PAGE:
Green coatings, especially very green coatings, may be an indication of a misapplication of the coatings during the process. Phil Harrington has been giving this advice for well over a decade. In order for coatings to work properly, they must be a precise thickness. The precision of the thickness of the coatings is measured in nanometers. Coatings that are applied too thick often end up appearing bright green in color. While the coating surface itself may appear to reflect very little light, the coatings are not performing as antireflection coatings were intended to perform. They may in fact be canceling out portions or certain wavelengths of light, allowing less light to get thru.

It is not uncommon at all to compare binoculars and find a pair with bright green coatings that simply cannot see as much light as another pair, which for all intent and purposes should produce the same result, but by virtue of better coatings can see several tenths of a magnitude deeper. Just to get a better understanding of the importance of the small fractions of magnitudes, a gain of 0.75 magnitude is approximately a 100% increase in total light.

Web Article on Coating Colors

A better indicator than color of the quality of antireflection coatings may be any reflections you can see when looking into them. It is difficult to see any reflections at all in Fujinon coatings. Look into the objectives of an Oberwerk BT100 binocular telescope and you will barely see the outline of your head. You will not see any detail in the reflected image of your face. Look into a binocular with lesser quality coatings and you may be able to see your full reflection in color with detail in your face. Any light you can see reflected coming back off the lens is not passing thru the lens. Premium AR coatings should minimize this reflected light.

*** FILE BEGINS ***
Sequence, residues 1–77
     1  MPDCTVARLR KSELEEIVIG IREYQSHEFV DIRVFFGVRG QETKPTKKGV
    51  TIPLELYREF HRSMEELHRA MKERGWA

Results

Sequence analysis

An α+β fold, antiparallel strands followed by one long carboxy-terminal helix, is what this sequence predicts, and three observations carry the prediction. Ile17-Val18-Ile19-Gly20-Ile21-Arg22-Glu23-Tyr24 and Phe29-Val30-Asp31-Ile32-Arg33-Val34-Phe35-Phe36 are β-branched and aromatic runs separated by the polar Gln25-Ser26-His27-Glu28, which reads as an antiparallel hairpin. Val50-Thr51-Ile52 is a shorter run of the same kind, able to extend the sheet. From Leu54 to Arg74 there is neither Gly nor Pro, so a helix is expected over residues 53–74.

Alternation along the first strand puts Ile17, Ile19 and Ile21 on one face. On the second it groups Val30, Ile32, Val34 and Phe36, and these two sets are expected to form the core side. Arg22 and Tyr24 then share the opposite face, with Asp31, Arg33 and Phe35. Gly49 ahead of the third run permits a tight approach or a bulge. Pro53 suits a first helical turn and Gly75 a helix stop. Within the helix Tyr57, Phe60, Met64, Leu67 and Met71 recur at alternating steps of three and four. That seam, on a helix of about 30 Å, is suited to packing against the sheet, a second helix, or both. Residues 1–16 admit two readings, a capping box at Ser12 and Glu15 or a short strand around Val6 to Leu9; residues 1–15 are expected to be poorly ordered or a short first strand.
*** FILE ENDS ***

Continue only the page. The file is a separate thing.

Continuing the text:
You can also shine a flashlight into the objective lens of your binocular and you will see 6 or 8 reflections of the flashlight. Although this will not indicate the quality of the coatings, expect at least to see all colored reflections. White reflections may indicate uncoated glass surfaces. (Note - a cemented doublet objective may produce a white reflection as the two surfaces that are cemented together act as continuous glass and need not be coated). In this age of astronomy, no one should be observing with uncoated lenses.

Here's a simple test to compare Coatings from one model to another
Look for reflections in the coatings

Importance and value of coatings

Nikon 12x50SE coatings vs. Fujinon 10x70 FMT-SX

Coatings compared on a dozen different binoculars

Coatings differences on different models of Pentax binoculars

I would make sure (binocular)are fully multicoated (oberwerk calls them broadband coatings: what ... is that!?).
As regards "Broadband Coatings" I asked the same question to Kevin at BigBinoculars.com recently and here was his reply :

Astromart Forums: Astro Binoculars
Re: Broadband coatings
Posted by Kevin Busarow on 4/8/2003 3:43:23 PM

Same question came up in the Binocular Astronomy Yahoo group a while back, and here's what I wrote-
Broadband is a multilayer coating (5-7 layers) that has minimal reflectivity (.2% to .5%) across a very wide (broad) range (band) of the spectrum (450nm to 750nm). It's simply the best anti-reflection multi-coating the Chinese manufacturers can do with the equipment they have.